about 60 percent since 1974.  Similarly, CPSC's current staffing
level represents 43 percent fewer positions as compared with the
agency's 1974 staff. 

Although CPSC has broad regulatory powers, many of the agency's
efforts are carried out using nonregulatory methods.  For example,
CPSC frequently assists industry and private standard-setting groups
in developing voluntary product safety standards.\4

CPSC also addresses product hazards by providing information to
consumers on safety practices that can help prevent product-related
accidents.  In addition to its own efforts to disseminate
information, CPSC provides considerable amounts of information in
response to requests from the public. 

\3 The Consumer Product Safety Act provides for the appointment of
five commissioners by the President of the United States for
staggered 7-year terms.  However, since 1986, no more than three
commissioners have been in office at one time. 

\4 The 1981 amendments to the Consumer Product Safety Act require
CPSC to defer to a voluntary standard--rather than issue a mandatory
regulation--if the Commission determines that the voluntary standard
adequately addresses the hazard and that there is likely to be
substantial compliance with the voluntary standard. 

---------------------------------------------------------- Chapter 0:2

-------------------------------------------------------- Chapter 0:2.1

CPSC's resource base and extensive jurisdiction require the agency to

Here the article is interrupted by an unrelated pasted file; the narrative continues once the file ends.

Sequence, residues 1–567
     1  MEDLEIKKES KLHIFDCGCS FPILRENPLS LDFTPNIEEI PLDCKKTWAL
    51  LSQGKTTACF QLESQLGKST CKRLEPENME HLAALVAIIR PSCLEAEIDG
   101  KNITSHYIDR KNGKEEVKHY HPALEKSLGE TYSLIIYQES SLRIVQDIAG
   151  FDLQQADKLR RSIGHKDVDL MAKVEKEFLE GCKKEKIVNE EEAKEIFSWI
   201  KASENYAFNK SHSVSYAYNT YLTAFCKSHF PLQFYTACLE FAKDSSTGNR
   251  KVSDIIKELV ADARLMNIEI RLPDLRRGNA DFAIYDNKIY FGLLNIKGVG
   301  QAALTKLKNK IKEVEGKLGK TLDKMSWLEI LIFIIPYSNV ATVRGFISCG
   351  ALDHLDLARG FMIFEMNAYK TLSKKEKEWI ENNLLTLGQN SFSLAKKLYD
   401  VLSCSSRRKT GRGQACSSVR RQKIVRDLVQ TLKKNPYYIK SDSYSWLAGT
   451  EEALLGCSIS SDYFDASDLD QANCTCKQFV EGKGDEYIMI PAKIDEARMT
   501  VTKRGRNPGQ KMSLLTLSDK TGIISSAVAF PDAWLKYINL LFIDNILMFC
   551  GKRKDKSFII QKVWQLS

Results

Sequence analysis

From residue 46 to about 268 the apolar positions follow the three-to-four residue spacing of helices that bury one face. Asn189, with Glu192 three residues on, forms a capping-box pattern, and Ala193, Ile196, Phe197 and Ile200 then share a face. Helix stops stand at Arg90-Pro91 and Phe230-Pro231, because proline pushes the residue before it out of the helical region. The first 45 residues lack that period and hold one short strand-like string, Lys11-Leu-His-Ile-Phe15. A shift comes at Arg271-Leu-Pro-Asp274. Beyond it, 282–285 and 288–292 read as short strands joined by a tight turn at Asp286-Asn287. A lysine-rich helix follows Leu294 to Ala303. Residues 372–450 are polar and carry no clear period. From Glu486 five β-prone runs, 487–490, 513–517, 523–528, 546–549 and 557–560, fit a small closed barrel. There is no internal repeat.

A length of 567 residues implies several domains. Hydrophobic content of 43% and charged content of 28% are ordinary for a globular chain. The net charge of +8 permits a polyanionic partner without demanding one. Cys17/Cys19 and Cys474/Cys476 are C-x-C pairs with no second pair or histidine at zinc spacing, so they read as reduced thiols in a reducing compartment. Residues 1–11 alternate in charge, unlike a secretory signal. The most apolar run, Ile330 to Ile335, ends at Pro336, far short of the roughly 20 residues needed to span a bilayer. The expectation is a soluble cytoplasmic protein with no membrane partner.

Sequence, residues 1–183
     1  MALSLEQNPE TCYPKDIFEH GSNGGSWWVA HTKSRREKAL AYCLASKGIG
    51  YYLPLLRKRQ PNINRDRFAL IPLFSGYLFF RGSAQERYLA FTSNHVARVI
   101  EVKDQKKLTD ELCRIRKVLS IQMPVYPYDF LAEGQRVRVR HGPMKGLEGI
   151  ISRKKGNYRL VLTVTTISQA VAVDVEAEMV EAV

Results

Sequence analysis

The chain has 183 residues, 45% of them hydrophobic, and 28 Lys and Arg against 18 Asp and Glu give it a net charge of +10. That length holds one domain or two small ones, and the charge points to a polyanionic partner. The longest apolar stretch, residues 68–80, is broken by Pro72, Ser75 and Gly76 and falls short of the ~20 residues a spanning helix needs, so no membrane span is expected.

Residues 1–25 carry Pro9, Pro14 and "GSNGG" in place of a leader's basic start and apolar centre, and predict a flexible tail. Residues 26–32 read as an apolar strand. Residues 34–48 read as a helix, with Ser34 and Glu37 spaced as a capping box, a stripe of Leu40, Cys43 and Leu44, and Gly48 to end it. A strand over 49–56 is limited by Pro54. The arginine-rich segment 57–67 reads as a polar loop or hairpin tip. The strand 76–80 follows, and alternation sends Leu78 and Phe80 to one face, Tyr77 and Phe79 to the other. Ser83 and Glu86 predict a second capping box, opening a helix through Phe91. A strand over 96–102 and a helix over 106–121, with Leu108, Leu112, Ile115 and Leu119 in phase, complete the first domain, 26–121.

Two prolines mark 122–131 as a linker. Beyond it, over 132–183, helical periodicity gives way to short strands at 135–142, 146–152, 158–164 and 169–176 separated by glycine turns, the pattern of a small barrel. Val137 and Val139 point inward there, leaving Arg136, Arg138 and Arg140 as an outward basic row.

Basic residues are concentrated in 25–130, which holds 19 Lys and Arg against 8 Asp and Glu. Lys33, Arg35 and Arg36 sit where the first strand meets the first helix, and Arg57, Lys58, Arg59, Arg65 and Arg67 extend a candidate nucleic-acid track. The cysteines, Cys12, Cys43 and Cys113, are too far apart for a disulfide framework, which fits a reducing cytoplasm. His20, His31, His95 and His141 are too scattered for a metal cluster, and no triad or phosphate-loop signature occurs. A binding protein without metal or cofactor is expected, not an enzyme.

select among potential product hazards.  New agency initiatives may
come to CPSC in several ways.  First, any person may file a petition
requesting CPSC to issue, amend, or revoke a regulation.  For
example, CPSC's cigarette lighter project, which resulted in a new
mandatory safety standard, originated with a petition from an
emergency room nurse.  Second, CPSC can receive a product hazard
project from the Congress.  The Congress may require CPSC to study a
wide-ranging product area (such as indoor air quality) or impose a
specific regulation (such as a mandatory safety standard for garage
door openers).\5 Third, CPSC commissioners and agency staff can
initiate projects or suggest areas to address. 

CPSC has wide latitude over which potential product hazards it
targets for regulatory and nonregulatory action.  Although the agency
has little or no discretion over projects mandated by the Congress,
it can accept or reject suggestions submitted by petition or proposed
by agency staff.  Of the 115 projects the agency worked on from